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A real life case study of an evaluation from the past

This is a description of an experience I had in a real world evaluation almost 20 years ago.

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Tom Reeves
21 February 2013

Here is an excerpt from a book I wrote with an Aussie colleague, John Hedberg, about ten years ago (Reeves, T. C., & Hedberg, J. G. (2003). Interactive learning systems evaluation. Englewood Cliffs, NJ: Educational Technology Publications.). This excerpt describes a real life case study of an evaluation of an interactive training program. All six evaluation functions ((review, needs assessment, formative evaluation, effectiveness evaluation, impact evaluation, and maintenance evaluation) that were mentioned in the video introduction to Week 7 of the OLDS MOOC were involved in this project.

When the Macintosh computer was first introduced by Apple Computer, Inc. in 1984, the interfaces for the operating system and the few software programs then available for the novel machine (e.g., MacWrite, MacPaint, and MacDraw) were so simple and intuitive that Apple promoted the idea that no training was necessary to use a Macintosh. However, within a few years, the complexity of the different Macintosh models that became available, accompanied by the proliferation of sophisticated peripheral devices and powerful software packages, changed the situation dramatically. In the face of these changes, the people marketing, selling, supporting, or just using Macintosh computers began to demand more and better training. In response to these needs in the United States, Apple established a network of education centers around the country where new employees, vendors, and users could experience hands-on training with the Macintosh. As Apple sales went up, the demand for basic training increased at the education centers. At the same time, the need for higher level courses was identified as even newer programs and peripherals for the Macintosh came on the scene.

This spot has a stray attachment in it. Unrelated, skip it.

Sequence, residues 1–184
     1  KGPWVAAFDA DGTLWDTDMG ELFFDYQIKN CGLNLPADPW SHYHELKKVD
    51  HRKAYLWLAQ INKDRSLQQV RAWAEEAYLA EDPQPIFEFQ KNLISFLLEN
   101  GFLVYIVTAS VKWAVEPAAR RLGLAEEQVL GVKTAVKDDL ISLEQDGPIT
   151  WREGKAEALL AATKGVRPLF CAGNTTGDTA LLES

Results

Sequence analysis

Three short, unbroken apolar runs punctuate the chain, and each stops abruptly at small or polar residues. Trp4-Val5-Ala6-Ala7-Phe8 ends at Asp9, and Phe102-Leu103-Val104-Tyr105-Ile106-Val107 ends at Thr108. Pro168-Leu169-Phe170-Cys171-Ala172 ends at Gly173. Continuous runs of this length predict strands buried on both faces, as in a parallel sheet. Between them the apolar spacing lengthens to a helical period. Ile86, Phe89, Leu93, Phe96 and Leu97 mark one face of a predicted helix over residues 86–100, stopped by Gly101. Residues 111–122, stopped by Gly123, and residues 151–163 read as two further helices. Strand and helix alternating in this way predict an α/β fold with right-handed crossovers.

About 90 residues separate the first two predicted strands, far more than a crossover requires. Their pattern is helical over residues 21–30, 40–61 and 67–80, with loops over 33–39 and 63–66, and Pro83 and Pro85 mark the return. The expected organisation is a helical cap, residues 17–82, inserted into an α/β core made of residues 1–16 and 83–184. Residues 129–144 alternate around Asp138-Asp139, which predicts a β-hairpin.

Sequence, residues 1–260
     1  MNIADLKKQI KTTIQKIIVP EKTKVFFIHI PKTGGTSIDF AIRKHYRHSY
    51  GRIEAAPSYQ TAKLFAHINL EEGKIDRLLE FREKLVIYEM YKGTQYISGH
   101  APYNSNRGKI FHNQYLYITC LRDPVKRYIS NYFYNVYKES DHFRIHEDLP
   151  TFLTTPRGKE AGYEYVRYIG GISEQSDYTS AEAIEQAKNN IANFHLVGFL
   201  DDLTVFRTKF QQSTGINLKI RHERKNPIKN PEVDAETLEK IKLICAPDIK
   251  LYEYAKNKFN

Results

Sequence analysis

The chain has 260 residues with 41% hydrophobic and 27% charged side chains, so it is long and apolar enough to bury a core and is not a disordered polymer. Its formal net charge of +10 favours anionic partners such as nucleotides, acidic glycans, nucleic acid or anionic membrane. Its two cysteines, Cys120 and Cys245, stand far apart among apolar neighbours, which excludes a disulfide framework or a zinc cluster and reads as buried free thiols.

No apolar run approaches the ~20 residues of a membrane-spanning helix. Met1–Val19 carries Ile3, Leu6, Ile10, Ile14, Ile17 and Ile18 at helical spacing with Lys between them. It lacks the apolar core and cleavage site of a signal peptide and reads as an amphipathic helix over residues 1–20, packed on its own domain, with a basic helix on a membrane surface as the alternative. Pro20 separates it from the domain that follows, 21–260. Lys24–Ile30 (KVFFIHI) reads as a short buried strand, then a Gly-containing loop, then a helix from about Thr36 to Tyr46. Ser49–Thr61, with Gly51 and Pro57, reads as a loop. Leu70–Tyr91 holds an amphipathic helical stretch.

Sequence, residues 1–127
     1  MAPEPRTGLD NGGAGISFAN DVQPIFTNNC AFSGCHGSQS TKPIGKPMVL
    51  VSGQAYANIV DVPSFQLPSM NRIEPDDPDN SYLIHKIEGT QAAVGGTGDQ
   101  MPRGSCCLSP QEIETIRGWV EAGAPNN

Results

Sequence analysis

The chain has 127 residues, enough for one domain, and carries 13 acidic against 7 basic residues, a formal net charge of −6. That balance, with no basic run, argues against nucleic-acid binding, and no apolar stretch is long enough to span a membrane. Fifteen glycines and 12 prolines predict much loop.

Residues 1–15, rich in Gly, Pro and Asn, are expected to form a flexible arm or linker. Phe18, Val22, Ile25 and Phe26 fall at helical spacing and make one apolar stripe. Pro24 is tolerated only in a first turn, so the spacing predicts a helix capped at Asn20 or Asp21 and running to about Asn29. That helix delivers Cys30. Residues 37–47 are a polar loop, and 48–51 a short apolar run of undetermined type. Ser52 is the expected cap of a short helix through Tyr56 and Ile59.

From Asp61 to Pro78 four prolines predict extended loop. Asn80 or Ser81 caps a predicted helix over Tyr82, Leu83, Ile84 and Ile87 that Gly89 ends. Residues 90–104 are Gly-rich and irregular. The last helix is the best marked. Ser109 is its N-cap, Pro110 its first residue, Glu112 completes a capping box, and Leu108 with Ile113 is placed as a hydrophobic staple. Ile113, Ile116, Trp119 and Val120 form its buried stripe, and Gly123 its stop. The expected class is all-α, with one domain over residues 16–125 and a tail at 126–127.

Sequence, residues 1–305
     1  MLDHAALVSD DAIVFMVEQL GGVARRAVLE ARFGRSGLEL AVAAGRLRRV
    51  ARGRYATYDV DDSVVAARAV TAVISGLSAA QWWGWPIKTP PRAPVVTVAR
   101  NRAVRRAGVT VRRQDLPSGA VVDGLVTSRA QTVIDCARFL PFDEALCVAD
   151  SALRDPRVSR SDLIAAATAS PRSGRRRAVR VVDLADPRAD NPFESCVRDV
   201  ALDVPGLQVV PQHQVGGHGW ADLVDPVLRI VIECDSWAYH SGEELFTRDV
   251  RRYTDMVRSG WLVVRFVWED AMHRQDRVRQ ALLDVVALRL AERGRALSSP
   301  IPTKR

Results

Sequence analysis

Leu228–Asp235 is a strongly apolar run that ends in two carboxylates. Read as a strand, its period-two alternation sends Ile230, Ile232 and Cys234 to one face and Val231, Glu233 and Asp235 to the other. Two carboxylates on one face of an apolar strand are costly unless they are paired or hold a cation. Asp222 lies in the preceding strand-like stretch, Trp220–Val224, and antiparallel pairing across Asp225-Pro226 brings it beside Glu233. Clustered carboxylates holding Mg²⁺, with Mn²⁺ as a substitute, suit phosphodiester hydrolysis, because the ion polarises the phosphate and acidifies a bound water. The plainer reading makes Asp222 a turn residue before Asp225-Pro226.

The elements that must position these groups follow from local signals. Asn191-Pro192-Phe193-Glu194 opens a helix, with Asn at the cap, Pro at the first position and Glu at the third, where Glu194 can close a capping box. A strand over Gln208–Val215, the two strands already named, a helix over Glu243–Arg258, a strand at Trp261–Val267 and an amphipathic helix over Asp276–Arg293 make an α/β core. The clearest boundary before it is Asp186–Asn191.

In the face of unrealistic demands on the live trainers at the Apple Education Centers, the training development group at Apple headquarters in Cupertino, California began to explore the idea of developing an interactive learning system to deliver basic Macintosh training. Eventually, a large-scale training package called Macintosh Fundamentals was developed under the leadership of Jim Laffey, a multimedia pioneer at Apple Training Support (and now a professor at the University of Missouri). Although it may seem like ancient history to today’s e-learning designers, the development of the award-winning Macintosh Fundamentals program provides a rare and noteworthy example of the integration of evaluation throughout the ISD process. The initial conceptualization of the interactive learning system included thorough reviews of existing interactive training materials as well as a comprehensive literature review. In addition, external evaluators were contracted to conduct a needs assessment at Apple Training Centers to identify the key goals and objectives that should be included in this first comprehensive interactive learning system for the Macintosh computer.